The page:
The Center for American Liberty in conjunction with the Dhillon Law Group, Inc. filed the federal civil rights lawsuit on Thursday in the United States District Court in Central California.
O’Handley spent years developing a verified Twitter account with 440,000 followers only to find his account permanently suspended at the direction of the Secretary of State’s office, according to a press release from Center for American Liberty.
Georgia legislators have submitted a bill that would require the secretary of state create a far more detailed election reporting system for general primaries, general elections, and runoffs from general primaries and general elections. “Such system shall provide for the entry of the number of ballots cast by type in each precinct, the results of state and federal races by precinct, the number of absentee ballots issued and returned, the number of absentee ballots certified, the number of absentee ballots rejected, the number of provisional ballots cast, and such other information which the Secretary of State deems relevant and useful to the citizens of this state,” according to the language of the bill.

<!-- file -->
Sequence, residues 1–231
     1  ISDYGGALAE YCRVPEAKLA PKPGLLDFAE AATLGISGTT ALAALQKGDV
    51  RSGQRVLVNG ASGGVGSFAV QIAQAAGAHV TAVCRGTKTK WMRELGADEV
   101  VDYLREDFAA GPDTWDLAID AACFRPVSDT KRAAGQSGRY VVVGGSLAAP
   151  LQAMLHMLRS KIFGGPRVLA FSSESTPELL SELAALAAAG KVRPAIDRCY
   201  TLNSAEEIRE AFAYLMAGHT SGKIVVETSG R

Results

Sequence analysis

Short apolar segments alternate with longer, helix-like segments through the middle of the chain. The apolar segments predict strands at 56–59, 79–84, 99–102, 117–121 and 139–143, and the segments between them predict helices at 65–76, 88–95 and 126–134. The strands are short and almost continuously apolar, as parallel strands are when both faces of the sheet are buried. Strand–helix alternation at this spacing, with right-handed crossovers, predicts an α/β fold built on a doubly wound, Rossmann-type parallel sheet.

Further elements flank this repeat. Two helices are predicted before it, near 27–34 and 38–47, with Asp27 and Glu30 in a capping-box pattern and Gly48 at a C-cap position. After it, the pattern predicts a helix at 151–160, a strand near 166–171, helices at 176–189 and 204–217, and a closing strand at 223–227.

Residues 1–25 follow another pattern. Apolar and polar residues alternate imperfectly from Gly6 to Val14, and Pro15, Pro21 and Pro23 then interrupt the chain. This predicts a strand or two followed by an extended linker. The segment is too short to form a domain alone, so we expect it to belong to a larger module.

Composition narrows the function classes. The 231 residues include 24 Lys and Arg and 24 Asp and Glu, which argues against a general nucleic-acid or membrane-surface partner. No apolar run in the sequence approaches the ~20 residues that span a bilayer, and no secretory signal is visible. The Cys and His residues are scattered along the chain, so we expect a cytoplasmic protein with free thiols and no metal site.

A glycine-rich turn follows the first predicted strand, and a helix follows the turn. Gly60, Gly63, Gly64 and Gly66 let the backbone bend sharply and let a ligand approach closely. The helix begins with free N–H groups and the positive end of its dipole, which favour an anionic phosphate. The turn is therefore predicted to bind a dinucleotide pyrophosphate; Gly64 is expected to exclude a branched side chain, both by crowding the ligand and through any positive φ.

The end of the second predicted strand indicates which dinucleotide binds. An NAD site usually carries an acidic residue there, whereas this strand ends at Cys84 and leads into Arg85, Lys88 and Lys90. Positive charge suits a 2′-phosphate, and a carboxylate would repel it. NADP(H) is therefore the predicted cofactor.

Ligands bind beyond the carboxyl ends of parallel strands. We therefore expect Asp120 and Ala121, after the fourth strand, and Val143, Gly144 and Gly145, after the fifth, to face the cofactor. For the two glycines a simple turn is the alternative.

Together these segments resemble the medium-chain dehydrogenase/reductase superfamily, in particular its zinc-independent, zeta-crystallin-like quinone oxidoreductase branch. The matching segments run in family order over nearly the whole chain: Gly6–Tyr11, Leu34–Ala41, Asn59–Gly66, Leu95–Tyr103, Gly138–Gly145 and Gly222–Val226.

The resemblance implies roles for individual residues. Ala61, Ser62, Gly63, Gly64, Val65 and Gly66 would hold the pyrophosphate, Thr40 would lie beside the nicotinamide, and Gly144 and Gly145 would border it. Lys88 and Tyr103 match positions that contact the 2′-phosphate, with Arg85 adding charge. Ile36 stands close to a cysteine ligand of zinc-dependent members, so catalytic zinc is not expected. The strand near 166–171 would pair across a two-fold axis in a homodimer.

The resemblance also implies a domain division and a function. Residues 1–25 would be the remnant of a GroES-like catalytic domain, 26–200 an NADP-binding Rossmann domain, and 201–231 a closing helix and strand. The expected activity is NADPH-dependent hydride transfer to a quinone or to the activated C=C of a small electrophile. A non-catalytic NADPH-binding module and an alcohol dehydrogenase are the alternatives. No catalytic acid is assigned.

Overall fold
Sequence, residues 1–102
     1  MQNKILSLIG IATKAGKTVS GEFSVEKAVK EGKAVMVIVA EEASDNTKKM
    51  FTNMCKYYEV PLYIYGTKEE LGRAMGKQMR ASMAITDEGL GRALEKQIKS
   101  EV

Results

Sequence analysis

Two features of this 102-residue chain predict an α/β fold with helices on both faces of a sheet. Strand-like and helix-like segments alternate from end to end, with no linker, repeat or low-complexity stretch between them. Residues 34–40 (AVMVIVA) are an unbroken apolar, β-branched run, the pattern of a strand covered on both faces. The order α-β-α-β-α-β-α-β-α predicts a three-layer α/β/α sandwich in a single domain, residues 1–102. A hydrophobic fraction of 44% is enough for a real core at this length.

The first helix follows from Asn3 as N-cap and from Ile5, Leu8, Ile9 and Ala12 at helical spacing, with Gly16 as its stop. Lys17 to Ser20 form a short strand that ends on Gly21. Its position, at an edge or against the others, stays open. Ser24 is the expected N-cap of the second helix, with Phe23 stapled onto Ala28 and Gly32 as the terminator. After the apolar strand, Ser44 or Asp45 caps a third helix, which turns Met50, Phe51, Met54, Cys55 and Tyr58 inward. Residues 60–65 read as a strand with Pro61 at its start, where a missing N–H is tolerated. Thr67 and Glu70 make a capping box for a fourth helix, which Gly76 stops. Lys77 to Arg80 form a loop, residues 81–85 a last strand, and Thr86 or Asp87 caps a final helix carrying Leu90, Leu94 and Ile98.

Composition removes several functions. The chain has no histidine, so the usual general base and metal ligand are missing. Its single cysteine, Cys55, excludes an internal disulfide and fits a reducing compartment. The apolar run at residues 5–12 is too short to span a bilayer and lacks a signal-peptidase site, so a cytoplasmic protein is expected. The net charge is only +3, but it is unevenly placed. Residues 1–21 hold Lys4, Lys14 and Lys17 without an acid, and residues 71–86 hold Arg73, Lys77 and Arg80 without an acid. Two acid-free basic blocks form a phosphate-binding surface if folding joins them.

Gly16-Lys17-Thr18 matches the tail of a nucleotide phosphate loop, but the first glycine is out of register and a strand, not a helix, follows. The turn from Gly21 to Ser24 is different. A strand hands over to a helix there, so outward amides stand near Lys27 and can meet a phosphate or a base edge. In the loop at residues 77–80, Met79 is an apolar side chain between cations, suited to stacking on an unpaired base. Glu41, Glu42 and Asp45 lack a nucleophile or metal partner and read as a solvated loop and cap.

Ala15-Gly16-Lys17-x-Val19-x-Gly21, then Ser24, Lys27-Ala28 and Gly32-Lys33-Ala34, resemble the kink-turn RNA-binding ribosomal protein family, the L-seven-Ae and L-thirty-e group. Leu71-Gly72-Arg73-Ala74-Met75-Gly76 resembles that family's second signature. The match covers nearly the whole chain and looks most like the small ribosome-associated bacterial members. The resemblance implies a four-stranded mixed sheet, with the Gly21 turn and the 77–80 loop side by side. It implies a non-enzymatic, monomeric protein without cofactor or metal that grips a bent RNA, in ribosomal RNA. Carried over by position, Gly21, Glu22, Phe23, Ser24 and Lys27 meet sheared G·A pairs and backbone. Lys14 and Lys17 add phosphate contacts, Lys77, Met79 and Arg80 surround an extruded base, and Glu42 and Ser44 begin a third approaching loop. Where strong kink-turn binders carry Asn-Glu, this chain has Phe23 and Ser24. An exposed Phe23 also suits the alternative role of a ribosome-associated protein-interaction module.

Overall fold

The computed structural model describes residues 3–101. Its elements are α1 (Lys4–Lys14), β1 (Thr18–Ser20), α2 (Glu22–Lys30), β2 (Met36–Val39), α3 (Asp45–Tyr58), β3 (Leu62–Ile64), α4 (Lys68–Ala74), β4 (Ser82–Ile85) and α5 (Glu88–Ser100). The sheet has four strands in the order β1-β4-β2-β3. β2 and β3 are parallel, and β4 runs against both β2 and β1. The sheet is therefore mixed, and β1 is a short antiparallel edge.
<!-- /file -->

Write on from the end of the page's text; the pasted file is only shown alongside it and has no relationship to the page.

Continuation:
A group of 15 secretaries of state this week issued their support for the “Keep Nine Amendment” recently introduced in Congress, marking the latest victory for the organization seeking to preserve the independence of the U.S. Supreme Court.
The Keep Nine Amendment said in a statement that the 15 sent the letter to Senate Majority Leader Chuck Schumer, Senate Minority Leader Mitch McConnell, Speaker of the House Nancy Pelosi, and House Minority Leader of the House Kevin McCarthy.